a) I’ve read so much code in my life that is incomprehensible that I wished the person who wrote it had written a comment (or many) about what the code was trying to do – especially because it’s rare to find non-buggy code. Sooner or later, someone’s going to have to go back to that code and fix something.

b) If the comment is wrong, even that’s not so bad. Out of date comments are a place to start. For some reason, when you see a comment and try to evaluate the code, it’s not that hard to figure out that they’re out of sync. There’s clearly some mental process that gets invoked that helps you understand what the code is trying to do. Plus, if the comment is actually correct, you’ve just clued the person into what’s really going on (or is supposed to be going on).

Clearly, I’m in the “keep the comments” camp. One thing I started doing a while ago is functional design by comments. Before writing a function or object-oriented method, I write a comment for what the function will do. Then, I outline the code by writing comments. Writing code this way forces you to think about what you’re going to code and not just jump in. Once you do this, you start thinking about ways to structure the code most efficiently and maintainably. One more benefit: if your comment on the whole function is huge, chances are that you’ll need to break down the actual contents into multiple sub-functions, allowing you to refactor at the conceptual level sooner, rather than at the coding level later.

Try this simple method for writing code for a little while and you’ll probably get hooked on it too. If one of your colleagues comes over to your desk some day and complements you on a well designed and documented class or function you’ve written, or you simply find your own code easier to maintain, you’ll know you’ve earned your next donut.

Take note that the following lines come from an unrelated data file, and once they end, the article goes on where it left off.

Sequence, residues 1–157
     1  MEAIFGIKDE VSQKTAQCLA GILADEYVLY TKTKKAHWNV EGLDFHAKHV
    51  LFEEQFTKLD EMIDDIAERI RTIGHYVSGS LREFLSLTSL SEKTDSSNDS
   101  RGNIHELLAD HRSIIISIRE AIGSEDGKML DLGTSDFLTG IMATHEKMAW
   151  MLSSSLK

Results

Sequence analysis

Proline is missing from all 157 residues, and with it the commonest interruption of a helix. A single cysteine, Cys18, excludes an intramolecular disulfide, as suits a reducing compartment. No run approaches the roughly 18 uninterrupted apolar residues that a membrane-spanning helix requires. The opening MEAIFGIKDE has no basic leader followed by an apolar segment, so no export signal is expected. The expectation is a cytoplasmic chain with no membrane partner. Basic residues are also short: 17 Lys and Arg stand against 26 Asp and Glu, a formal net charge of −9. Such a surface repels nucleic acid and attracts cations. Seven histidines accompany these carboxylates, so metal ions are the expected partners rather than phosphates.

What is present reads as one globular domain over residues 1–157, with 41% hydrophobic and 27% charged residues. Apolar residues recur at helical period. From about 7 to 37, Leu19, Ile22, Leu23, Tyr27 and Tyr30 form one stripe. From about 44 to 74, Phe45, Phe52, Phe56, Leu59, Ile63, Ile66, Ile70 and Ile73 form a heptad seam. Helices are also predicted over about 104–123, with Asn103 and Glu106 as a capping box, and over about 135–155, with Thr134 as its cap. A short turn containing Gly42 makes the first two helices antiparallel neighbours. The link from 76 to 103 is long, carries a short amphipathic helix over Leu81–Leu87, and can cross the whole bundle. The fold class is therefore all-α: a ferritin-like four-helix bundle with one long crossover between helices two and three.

Menus of Venues

A colleague from my last job found me on LinkedIn the other day. It was good to hear from him as he moved to Texas and I would never have found him (lost his contact info.) He told me that he was getting tired of writing software.

Let me give you a little background. We worked together at Lockheed in Owego, NY. Owego’s kind of in the middle of the nowhere called the Southern Tier of New York, close to the PA border. Most people call it Upstate New York, which is the 99% of the entire state that’s not New York City or Long Island. The work at Lockheed was embedded software – writing flight display code for the VH71 Presidential Helicopter. It sounds pretty cool and some of it was fun, but writing this kind of software is different from other work I’ve done. There was a very rigid process called DO178B, which is for flight quality, defense contractor oriented embedded software. There are processes that cover the preparation for writing code, writing code, testing it, fixing it, logging that you wrote it, tested it, and fixed it, etc. The type of code you can write was also different. Straight C, no C++, no dynamic memory allocation (only pre-allocated memory). The environment was working in a building where even the access to the parking lot was by keycard. You had to log your work hours – not eating your lunch while working at your desk wasn’t a work hour – and had to work 40 hours a week, no more, no less, unless approved for overtime.